The first nationwide 4G service is going online in Singapore in the coming days and for the first time, the new mobile broadband technology seems like a viable offering for smartphone users here.
Users don’t have to worry about a “partial” 4G service if they sign up for M1’s nationwide offering unveiled on Thursday. Previously, the “orange camp” had only sold its 4G service to commercial users and only promised coverage to parts of the island.
Its rival SingTel, which had provided a consumer service in the past three months, is still building out its network to cover the entire country by 2013. Meanwhile, StarHub has said it will launch its 4G services in the remaining months of 2012.
Is it time to jump on the 4G bandwagon? Here’s a list of pros and cons.
Why go on 4G now
1. Nationwide coverage
M1’s new 4G service means you don’t have to worry about “dropping back” to 3G, like when you turn up at an area without the high-speed service. The islandwide service is said to cover both indoors and outdoors. One place you won’t get 4G for now is on the trains. Eventually, that too will be covered by the 4G service, says M1, though it does not have a date for that.
2. Faster access – for now
With speeds of up to 75Mbps – typical downloads are expected to between 7Mbps and 17Mbps – 4G services offer faster downloads and Web surfing. More importantly, this new network is currently separate from the clogged up 3G networks here and you’ll probably get on Facebook or Skype more easily. It’s like getting on a spanking new MRT train with lots of empty seats because few people are on it.
3. Some attractive phones
Okay, the silly “new” iPad still doesn’t work with 4G networks outside North America. But there are great devices now, like HTC’s One XL, the 4G version of the excellent One X phone. If you are looking for a tablet, then Samsung’s Galaxy Tab 8.9 is the best bet now. It is said to be popular with corporate users, so perhaps the Korean manufacturer believes that’s where the early adopter market is.
Why not go on 4G now
1. Lower data cap
As expected, M1 has “rebooted” its mobile broadband plans with the launch of its 4G services. Now, if you sign up for or recontract on a 3G or 4G smartphone plan, the free data bundle starts from 2GB instead of the generous 12GB of old.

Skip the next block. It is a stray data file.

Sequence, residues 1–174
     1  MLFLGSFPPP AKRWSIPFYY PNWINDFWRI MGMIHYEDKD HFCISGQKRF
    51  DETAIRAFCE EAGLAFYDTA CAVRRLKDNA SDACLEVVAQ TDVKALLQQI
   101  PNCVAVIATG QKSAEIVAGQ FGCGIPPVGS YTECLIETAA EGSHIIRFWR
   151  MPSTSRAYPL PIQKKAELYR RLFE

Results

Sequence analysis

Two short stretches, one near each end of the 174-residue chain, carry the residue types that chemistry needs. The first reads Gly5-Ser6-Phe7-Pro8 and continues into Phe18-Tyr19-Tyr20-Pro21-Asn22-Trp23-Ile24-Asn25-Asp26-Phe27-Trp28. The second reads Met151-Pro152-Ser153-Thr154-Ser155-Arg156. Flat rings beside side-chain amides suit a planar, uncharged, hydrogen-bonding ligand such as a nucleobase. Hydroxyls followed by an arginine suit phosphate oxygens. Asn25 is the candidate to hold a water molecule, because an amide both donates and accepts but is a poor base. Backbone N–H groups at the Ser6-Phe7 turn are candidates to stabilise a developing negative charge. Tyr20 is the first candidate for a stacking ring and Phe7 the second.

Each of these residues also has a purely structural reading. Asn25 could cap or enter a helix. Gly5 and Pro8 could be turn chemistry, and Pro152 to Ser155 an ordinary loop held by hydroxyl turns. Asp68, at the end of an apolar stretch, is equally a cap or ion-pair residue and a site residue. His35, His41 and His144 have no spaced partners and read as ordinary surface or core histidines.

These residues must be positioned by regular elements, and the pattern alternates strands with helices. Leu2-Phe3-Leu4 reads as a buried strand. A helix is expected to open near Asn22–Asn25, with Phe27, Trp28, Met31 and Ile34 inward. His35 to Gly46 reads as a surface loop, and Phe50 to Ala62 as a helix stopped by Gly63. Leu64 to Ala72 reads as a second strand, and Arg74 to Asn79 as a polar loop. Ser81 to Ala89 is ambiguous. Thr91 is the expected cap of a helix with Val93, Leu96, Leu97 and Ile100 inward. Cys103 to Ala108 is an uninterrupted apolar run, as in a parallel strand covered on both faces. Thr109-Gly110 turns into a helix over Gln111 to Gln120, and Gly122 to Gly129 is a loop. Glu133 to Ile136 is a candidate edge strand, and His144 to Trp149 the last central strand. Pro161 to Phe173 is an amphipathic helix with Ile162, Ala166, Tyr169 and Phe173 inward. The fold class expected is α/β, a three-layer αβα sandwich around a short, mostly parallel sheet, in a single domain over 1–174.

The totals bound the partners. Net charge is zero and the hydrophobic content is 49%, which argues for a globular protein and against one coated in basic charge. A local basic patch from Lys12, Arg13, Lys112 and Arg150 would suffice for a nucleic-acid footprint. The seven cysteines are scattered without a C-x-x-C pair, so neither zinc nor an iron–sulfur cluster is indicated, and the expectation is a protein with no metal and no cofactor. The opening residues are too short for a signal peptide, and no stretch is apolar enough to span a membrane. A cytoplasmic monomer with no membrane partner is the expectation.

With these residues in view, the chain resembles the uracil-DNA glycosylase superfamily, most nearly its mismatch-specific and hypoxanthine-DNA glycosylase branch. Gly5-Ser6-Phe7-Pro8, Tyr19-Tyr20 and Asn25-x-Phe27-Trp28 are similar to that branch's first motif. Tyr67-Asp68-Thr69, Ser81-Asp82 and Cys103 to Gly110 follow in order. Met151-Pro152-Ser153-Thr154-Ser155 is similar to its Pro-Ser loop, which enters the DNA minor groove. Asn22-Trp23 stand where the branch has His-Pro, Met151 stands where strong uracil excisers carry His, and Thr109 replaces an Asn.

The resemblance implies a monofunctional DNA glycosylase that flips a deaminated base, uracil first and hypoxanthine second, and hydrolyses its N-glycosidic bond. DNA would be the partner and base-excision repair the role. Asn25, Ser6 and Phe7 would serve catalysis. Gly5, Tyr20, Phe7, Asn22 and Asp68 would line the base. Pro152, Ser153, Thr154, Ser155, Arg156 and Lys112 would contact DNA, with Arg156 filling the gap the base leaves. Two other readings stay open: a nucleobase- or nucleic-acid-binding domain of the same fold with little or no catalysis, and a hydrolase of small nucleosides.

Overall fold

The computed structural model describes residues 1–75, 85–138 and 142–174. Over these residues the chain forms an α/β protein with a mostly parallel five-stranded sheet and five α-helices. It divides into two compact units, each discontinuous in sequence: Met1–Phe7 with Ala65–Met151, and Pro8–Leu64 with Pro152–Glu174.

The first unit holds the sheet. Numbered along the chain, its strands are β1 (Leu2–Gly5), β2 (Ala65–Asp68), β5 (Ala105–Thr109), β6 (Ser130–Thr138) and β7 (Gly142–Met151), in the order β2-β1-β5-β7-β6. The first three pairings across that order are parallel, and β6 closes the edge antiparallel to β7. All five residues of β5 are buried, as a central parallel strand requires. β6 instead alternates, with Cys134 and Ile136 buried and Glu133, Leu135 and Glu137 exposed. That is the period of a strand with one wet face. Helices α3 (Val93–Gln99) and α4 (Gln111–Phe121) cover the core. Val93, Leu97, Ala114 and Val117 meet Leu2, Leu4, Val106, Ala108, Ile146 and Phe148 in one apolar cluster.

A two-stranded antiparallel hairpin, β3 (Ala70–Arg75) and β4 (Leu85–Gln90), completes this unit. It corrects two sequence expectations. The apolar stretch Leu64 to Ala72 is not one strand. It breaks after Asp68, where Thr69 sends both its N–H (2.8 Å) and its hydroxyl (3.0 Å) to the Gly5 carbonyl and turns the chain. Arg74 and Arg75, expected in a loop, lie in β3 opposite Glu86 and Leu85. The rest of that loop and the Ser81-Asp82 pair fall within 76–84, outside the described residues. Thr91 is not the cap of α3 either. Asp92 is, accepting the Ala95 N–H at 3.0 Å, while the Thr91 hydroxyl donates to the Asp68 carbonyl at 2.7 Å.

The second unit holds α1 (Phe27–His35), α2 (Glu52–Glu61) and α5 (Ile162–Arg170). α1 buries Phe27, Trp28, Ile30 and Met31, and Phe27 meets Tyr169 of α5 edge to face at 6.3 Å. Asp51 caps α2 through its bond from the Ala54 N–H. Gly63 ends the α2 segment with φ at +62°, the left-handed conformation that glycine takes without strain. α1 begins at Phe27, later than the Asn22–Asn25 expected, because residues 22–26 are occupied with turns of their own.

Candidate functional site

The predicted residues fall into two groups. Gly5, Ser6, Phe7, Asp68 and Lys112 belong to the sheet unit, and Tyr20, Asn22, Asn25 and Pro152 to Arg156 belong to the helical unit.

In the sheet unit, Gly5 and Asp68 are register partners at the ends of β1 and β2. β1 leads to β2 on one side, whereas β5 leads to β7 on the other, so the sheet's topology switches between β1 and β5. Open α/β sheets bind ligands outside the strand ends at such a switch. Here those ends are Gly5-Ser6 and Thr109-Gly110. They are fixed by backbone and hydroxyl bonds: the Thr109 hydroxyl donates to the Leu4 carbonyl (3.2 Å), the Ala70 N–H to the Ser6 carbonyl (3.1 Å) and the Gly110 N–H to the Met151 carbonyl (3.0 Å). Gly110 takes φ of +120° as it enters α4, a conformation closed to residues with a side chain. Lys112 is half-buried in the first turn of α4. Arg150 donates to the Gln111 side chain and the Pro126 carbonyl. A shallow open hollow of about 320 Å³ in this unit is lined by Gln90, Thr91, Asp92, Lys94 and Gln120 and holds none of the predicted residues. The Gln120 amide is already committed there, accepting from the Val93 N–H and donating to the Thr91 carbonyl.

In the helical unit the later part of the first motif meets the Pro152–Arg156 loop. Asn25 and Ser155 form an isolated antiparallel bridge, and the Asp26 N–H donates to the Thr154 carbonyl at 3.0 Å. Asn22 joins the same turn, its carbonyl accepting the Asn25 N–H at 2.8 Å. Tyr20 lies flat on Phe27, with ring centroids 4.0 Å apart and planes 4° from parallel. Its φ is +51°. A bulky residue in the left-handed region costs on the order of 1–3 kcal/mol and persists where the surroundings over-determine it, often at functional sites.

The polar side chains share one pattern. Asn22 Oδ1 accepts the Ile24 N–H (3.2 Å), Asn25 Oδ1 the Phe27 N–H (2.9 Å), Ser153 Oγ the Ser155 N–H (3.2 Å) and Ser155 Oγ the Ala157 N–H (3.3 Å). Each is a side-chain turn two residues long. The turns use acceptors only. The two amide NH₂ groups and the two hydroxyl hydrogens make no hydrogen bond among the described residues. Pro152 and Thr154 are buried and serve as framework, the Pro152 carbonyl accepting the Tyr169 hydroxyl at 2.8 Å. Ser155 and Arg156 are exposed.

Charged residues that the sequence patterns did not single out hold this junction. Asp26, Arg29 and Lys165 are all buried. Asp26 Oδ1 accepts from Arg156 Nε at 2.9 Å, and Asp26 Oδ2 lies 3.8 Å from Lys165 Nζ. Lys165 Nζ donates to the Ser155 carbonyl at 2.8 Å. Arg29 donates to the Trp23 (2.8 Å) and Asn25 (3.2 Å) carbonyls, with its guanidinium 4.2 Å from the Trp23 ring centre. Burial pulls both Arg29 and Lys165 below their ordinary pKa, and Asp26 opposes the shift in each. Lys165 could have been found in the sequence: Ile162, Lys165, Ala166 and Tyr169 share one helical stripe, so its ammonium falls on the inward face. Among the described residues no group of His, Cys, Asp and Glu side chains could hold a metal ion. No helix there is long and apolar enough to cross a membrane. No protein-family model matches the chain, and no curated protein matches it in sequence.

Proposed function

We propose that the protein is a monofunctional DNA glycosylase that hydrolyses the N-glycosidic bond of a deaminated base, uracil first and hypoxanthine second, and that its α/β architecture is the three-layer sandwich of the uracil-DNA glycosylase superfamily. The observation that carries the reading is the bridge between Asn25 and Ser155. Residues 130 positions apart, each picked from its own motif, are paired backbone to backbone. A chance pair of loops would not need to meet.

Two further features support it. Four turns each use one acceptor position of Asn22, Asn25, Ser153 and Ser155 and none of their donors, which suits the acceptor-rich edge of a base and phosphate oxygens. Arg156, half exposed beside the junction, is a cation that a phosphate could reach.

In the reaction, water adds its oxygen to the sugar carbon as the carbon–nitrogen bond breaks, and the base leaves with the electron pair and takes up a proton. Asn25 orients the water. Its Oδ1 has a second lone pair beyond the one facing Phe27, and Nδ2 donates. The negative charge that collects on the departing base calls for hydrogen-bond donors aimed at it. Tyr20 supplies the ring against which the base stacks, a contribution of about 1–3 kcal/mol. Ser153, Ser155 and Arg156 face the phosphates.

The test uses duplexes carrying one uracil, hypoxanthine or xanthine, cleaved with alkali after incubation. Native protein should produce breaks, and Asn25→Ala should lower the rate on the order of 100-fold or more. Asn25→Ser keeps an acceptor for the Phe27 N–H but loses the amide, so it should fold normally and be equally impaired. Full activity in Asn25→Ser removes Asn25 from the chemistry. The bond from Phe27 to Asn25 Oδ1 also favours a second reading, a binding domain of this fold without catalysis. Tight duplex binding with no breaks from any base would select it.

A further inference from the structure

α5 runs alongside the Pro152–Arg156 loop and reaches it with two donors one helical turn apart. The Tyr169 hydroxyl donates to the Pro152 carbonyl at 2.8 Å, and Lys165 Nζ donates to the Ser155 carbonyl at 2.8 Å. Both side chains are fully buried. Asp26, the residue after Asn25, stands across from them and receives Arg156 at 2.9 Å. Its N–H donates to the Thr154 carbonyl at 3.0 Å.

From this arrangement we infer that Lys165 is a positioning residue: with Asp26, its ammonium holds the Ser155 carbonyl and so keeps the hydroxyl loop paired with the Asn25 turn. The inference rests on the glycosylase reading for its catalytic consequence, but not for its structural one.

Telecom operators have said that the average user won’t exceed his data package, but with faster networks come heavier usage. If you’re worried about bursting your limit, it’s best to stay put with the contract you have got now.
2. More users coming onboard
Like an MRT train, sooner or later, more people will come onboard down the line. After 4G was launched in South Korea in the middle of last year, the network quickly got saturated by users downloading videos and other bandwidth-sucking applications. One concern is that 4G networks could become just as crowded as the current 3G networks. Ironically, as wry users will note, the 3G network could get less congested when more people sign on to 4G.
3. Small number of devices
The upcoming iPhone rumoured to be unveiled in the coming days is expected to feature Long Term Evolution (LTE), or 4G, so there might be a popular 4G phone for many users here who want to get on the new network. However, many tablets and other devices are yet to have access to the new network, partly because of the complexities involved in adding another radio in already small chassis. If you don’t like the current crop of 4G devices, wait for upcoming ones next year.
Much depends on whether users will change the way they use 4G services with the less generous data caps. Telecom operators certainly hope that users will offload some of the traffic that is clogging up cellphone networks by perhaps logging in to Wi-Fi at home.
But how users will use 4G – or what apps they will load it with – is still unclear. The Korean experience shows that 4G is not the magic bullet to solve the congestion issues that have plagued 3G networks.
It’s true the telcos in Singapore are “re-farming” or re-using the 2G spectrum to provide more bandwidth for the new 4G services, but it’s common sense that the airwaves will not be able to handle the increasing amounts of data that users are throwing at them without a big breakthrough in compression technology, for example.
The other thing to note is competition, which will surely bring more users onboard.
Just hours after M1 unveiled its 4G service, SingTel said it was keeping both 3G and 4G prices the same, doing away with an “add on” fee of S$10 for good. That’s the price that M1 has levied on early adopters for the technology, which it believes is fair since it has the widest 4G network now.
In time to come, when StarHub also joins the fray, users can expect prices to come back down to current 3G levels. Less likely though are the generous data caps of old, given that all three telcos are trying to shape usage patterns to provide a smoother experience on the new network.
Are you using 4G or planning to go on it soon? Share with us your experience or concerns?